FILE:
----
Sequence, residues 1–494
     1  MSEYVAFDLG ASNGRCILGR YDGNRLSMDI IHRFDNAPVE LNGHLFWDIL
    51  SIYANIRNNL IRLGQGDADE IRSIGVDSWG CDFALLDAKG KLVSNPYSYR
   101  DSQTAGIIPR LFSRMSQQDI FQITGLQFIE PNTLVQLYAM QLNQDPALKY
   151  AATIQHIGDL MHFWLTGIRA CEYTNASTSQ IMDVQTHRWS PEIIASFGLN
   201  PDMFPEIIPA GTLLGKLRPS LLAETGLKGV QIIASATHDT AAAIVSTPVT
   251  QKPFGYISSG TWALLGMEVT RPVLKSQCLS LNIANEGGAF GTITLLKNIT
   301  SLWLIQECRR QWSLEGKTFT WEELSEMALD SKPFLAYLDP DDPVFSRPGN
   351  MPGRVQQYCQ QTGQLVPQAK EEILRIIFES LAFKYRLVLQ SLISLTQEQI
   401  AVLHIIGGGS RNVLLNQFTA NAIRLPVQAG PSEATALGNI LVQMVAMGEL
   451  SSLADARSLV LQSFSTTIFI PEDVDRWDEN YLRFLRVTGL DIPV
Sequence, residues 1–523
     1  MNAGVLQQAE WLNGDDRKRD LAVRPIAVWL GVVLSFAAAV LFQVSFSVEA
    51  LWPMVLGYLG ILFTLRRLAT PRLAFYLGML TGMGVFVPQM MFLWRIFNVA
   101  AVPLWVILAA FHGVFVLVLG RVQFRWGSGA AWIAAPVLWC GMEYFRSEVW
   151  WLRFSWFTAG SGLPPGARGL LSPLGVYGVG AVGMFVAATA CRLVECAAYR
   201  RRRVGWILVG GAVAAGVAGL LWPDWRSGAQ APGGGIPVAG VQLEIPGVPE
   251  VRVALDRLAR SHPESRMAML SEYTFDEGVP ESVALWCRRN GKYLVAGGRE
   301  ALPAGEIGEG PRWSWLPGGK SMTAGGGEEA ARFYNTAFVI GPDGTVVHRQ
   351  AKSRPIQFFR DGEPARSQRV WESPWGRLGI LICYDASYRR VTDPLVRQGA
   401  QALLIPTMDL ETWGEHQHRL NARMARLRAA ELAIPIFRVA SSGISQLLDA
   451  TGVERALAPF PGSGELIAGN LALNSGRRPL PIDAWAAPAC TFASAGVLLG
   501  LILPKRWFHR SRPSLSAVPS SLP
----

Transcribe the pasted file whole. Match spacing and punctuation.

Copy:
Sequence, residues 1–494
     1  MSEYVAFDLG ASNGRCILGR YDGNRLSMDI IHRFDNAPVE LNGHLFWDIL
    51  SIYANIRNNL IRLGQGDADE IRSIGVDSWG CDFALLDAKG KLVSNPYSYR
   101  DSQTAGIIPR LFSRMSQQDI FQITGLQFIE PNTLVQLYAM QLNQDPALKY
   151  AATIQHIGDL MHFWLTGIRA CEYTNASTSQ IMDVQTHRWS PEIIASFGLN
   201  PDMFPEIIPA GTLLGKLRPS LLAETGLKGV QIIASATHDT AAAIVSTPVT
   251  QKPFGYISSG TWALLGMEVT RPVLKSQCLS LNIANEGGAF GTITLLKNIT
   301  SLWLIQECRR QWSLEGKTFT WEELSEMALD SKPFLAYLDP DDPVFSRPGN
   351  MPGRVQQYCQ QTGQLVPQAK EEILRIIFES LAFKYRLVLQ SLISLTQEQI
   401  AVLHIIGGGS RNVLLNQFTA NAIRLPVQAG PSEATALGNI LVQMVAMGEL
   451  SSLADARSLV LQSFSTTIFI PEDVDRWDEN YLRFLRVTGL DIPV
Sequence, residues 1–523
     1  MNAGVLQQAE WLNGDDRKRD LAVRPIAVWL GVVLSFAAAV LFQVSFSVEA
    51  LWPMVLGYLG ILFTLRRLAT PRLAFYLGML TGMGVFVPQM MFLWRIFNVA
   101  AVPLWVILAA FHGVFVLVLG RVQFRWGSGA AWIAAPVLWC GMEYFRSEVW
   151  WLRFSWFTAG SGLPPGARGL LSPLGVYGVG AVGMFVAATA CRLVECAAYR
   201  RRRVGWILVG GAVAAGVAGL LWPDWRSGAQ APGGGIPVAG VQLEIPGVPE
   251  VRVALDRLAR SHPESRMAML SEYTFDEGVP ESVALWCRRN GKYLVAGGRE
   301  ALPAGEIGEG PRWSWLPGGK SMTAGGGEEA ARFYNTAFVI GPDGTVVHRQ
   351  AKSRPIQFFR DGEPARSQRV WESPWGRLGI LICYDASYRR VTDPLVRQGA
   401  QALLIPTMDL ETWGEHQHRL NARMARLRAA ELAIPIFRVA SSGISQLLDA
   451  TGVERALAPF PGSGELIAGN LALNSGRRPL PIDAWAAPAC TFASAGVLLG
   501  LILPKRWFHR SRPSLSAVPS SLP